Imagine how it must have felt for Leah Juliett, a 14-year-old student who had private photos of her distributed to every guy in her high school. Her male classmates might not have known her name, but they knew what she looked like naked. There’s also Nikki Rettelle, whose ex-boyfriend planted hidden cameras in her home to record her every move. Rettelle told CNN that the man, who she mockingly calls “Mr. Wonderful,” sold the footage to websites like IsAnyoneUp and UGotPosted. The latter was run by Kevin Bollaert, who received an 18-month prison sentence in 2015. He also operated a site where you could pay $350 to remove the same photos he posted.

The laws that protect these women vary by state, and they often aren’t enough. What constitutes consent in one locality could be very different from another.

One major issue is the conundrum of having “evidence” that will satisfy potential prejudices of a judge and jury. TMZ speculated that should Blac Chyna decide to pursue her case, it could be a challenge: She “liked” Kardashian’s post prior to its removal. That may assist a defense team in proving that the 29-year-old wasn’t harmed by the content being shared—never mind that he it seems clear, by his messaging, that he did so without her consent.

Then there are the nearly dozen states that lack any laws on the books criminalizing revenge porn. These include Kentucky, Mississippi, Ohio, and Wyoming, in which Blac Chyna would have no legal recourse for seeking retribution at all. Jeff Metzmeier, who works as an attorney in Louisville, Kentucky, told the city’s Courier Journal that he sees a “dozen” cases every year where the victims simply have no options. Metzmeier said that many are domestic violence survivors who have recently left their abusers; their exes use the threat of sending private photos to shame them into remaining in a toxic, violent relationship.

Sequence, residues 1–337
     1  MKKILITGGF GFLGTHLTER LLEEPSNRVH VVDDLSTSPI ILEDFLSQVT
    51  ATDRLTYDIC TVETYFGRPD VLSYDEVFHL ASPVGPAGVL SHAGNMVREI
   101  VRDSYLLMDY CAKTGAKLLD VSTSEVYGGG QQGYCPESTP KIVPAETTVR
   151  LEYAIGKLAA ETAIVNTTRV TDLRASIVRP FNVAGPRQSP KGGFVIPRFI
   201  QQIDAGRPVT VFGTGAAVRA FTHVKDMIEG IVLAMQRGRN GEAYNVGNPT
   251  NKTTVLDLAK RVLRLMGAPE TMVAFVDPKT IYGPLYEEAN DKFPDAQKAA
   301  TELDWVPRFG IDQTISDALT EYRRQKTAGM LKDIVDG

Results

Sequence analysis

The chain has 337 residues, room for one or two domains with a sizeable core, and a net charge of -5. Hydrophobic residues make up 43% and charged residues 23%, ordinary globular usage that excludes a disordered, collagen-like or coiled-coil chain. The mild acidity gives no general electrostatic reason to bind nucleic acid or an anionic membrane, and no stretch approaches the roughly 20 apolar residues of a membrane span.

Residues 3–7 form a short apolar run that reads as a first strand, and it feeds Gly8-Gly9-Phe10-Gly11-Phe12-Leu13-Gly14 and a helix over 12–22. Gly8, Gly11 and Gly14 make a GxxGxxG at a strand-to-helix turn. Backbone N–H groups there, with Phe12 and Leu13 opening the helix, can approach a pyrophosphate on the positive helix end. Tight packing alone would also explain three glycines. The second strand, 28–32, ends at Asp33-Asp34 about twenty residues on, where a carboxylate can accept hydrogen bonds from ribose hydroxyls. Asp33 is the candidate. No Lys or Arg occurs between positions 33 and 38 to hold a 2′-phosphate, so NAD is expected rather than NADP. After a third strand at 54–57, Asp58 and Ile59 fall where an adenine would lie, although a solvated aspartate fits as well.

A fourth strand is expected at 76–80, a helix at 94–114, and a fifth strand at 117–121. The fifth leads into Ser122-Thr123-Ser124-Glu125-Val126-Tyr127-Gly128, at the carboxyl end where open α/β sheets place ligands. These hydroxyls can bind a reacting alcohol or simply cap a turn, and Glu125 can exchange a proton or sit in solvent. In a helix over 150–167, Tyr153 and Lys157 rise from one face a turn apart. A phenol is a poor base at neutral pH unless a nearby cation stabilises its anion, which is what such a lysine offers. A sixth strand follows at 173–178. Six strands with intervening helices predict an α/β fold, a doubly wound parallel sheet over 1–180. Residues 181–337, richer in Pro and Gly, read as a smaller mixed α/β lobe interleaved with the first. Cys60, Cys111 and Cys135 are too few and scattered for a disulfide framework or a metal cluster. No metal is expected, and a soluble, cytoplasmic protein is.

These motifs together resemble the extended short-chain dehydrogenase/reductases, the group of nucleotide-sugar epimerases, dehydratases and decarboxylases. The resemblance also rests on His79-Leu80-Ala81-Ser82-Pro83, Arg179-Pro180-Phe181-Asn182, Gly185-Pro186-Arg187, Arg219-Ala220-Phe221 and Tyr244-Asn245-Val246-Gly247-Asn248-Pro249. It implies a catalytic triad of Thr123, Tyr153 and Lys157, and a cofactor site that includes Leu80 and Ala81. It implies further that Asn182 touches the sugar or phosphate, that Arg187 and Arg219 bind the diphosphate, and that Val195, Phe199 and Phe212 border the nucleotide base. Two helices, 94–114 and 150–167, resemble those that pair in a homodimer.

There has been a push in recent years, however, to strengthen the laws around revenge porn through federal legislation; these bills are designed to help a government that remains light years behind on cybercrime better advocate for victims.

The Online Safety Modernization Act, introduced to Congress in June, would target harassment in digital spaces—whether through doxxing, sexual extortion, or sharing nonconsensual pornography. Since 2015, U.S. Representative Jackie Speier has been pushing her own legislation, called the Privacy Protection Act, and a bill making revenge porn a crime for members of the military passed the House of Representatives earlier this year. Called the Protecting the Rights of Individuals Against Technological Exploitation (PRIVATE) Act, the bill would update the Uniform Code of Military Justice.

While Congress debates the issue, certain states have stepped up their fight against sex crime in digital spaces. California, where Chyna calls home, launched a dedicated eCrime unit in 2011.

But more must be done—not only to allow victims to seek justice but to educate the public on the damage revenge porn does. Although media coverage has correctly labeled Kardashian’s actions for what they are (e.g., potentially illegal), social media has treated the controversy like just another reality show spectacle. Twitter users have posted GIFs of Michael Jackson eating popcorn, the time-tested expression of a platform waiting for more juicy drama. What happened to Chyna, though, isn’t entertainment. It’s yet another example of abusive men using social media to shame women into submission.

If Chyna decides to press charges, she will have the ability to have her day in court. But we must fight for a world where all victims have the same opportunity.

Nico Lang

Nico Lang

Nico Lang is an essayist, movie critic, and reporter who specializes in the intersection of politics and LGBTQ issues. His work has been featured in Rolling Stone, The Guardian, The Los Angeles Times, Jezebel, Esquire, and BuzzFeed, among other notable publications.